Samoa - People, Culture & Language

Woman & Child © SPTOSamoa's population is largely Polynesian, and number about 186,000. There is also a large Chinese Samoan community in Apia. Samoa is a traditional Polynesian society and for the most part, the people have retained a fierce pride in their cultural heritage. Fa'a Samoa – the Samoan Way – continues to play a vital role in village and community life.

Village Life
There are over 362 villages in Samoa with a total of 18,000 matai (chiefs). Villages are made up of customary land owned by extended family units called aiga, whose head is a matai. Traditional authority is vested in the village matai. The central structure in each village is the church as well as the Fale Fono, where the chiefs meet to discuss village matters.

Village Protocol
'Fa'a Samoa' has a strong focus on welcoming visitors, and you'll find Samoans are friendly and hospitable hosts. However, be mindful of local protocol when you enter villages and use village resources, including the beaches.

  • Traditional Dancing © SPTOAvoid walking through villages during the evening prayer curfew (usually between 6pm and 7pm). This usually lasts for 10 to 20 minutes and is often marked at the beginning and end by a bell or the blowing of a conch shell.
  • Respect Sunday. Samoans observe Sunday as a day of rest and while many visitor attractions are open, you are expected to behave quietly and to travel slowly through the villages.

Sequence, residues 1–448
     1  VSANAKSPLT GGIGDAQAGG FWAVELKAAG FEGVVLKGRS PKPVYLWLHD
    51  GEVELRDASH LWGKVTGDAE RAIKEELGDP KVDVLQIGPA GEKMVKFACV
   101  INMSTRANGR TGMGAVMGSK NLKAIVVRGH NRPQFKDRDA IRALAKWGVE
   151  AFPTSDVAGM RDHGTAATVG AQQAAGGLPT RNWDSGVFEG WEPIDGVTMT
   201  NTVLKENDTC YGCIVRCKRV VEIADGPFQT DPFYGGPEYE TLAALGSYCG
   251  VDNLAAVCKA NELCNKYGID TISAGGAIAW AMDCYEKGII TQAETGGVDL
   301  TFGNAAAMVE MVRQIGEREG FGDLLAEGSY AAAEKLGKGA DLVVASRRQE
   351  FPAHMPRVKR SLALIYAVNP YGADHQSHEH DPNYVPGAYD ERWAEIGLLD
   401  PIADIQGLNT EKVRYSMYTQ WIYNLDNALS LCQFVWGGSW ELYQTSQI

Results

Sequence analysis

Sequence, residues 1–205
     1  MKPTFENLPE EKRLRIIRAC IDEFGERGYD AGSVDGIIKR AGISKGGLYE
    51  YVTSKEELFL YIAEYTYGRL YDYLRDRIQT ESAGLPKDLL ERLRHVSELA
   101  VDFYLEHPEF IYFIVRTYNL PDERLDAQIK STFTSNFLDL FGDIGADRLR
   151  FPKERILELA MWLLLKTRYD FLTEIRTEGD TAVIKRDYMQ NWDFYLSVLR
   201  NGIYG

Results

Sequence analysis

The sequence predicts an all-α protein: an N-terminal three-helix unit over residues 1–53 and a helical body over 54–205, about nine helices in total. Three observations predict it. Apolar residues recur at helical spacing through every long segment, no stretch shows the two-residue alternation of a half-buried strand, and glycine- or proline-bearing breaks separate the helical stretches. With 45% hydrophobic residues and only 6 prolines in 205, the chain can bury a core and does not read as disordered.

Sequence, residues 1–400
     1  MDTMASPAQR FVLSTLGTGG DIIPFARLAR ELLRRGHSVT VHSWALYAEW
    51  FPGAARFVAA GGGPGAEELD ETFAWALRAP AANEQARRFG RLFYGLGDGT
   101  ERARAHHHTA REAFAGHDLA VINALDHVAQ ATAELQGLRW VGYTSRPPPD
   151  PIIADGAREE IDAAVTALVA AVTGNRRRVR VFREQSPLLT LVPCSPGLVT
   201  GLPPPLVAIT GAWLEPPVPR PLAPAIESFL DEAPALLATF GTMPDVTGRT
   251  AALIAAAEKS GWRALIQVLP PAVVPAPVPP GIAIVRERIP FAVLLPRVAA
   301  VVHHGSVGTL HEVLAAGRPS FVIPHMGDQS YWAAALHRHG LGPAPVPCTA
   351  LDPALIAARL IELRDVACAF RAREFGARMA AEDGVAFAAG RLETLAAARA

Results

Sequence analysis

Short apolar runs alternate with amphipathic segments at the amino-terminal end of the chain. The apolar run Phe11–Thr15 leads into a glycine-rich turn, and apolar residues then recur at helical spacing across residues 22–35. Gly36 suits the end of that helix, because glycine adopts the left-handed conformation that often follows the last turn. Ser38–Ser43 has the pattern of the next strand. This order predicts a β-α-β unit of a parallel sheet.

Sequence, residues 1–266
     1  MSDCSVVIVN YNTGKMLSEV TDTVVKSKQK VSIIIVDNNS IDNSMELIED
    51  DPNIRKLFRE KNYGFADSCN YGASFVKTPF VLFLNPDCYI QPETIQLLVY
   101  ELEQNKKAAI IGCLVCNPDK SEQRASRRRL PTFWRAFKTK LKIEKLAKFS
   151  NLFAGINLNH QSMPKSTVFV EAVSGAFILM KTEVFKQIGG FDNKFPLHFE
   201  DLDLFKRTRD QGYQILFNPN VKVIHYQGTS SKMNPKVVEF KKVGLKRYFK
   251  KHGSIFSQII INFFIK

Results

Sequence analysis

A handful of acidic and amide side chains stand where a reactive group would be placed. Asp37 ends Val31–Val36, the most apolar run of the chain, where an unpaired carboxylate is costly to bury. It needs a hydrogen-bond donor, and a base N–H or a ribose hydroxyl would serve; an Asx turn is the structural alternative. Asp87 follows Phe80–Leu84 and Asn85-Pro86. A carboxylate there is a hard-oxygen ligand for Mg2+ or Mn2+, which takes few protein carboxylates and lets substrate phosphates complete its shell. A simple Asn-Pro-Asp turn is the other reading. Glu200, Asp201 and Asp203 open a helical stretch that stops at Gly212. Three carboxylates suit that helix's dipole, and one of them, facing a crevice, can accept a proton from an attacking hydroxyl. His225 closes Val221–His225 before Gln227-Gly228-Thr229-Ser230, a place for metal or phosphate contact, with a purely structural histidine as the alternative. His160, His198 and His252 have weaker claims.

• Skimpy clothing is not recommended in villages. If you are staying in a village, it may even result in a fine for your hosts. 
  • Nude or topless (for women) swimming or sunbathing is not allowed.
  • Women are recommended to wear a lavalava (sarong) rather than shorts or pants, especially if they attend church.
  • Traditional Tattoo © SPTOAlmost all shops are shut on Sunday, so be sure to buy what you need the day before.
  • Shoes should be removed before entering a fale.
  • Never stand within a fale when elders are seated.
  • When sitting in a fale, avoid pointing your feet at others. Either tuck them away, cross them (yoga style) or cover them with a lavalava or mat.
  • Always ask permission from your host before taking photos in a village.
  • Don’t offer children money, even if they ask.
  • If in doubt about protocol, ask your host or a village member for advice.

Market Trader © SPTOLanguage
Samoan is the national language, although English is the official language of business and English is widely spoken, but you’ll find the following Samoan words useful to learn:

Hello = Talofa (Tah-low-fah)
Goodbye = Tofa (Tow-fah)
Thank you = Fa'afetai (Far-ah-fay-tie)
Please = Fa'amolemole (Fah-ah-mor-le-mor-le) 
Samoa Visitor MapYes = Ioe (Ee-oh-e)
No = Leai (Le-ah)
Maybe = Masalo (Mar-sar-lo)
Tomorrow = Taeao (Tah-e-ao)
Goodnight = Manuia le po (Mah-nooh-ya-leh-poh)
How are you? = O a mai oe? (O-ah-my-o-he)
I am hungry = Fia ai  (Fear-ah-ee)

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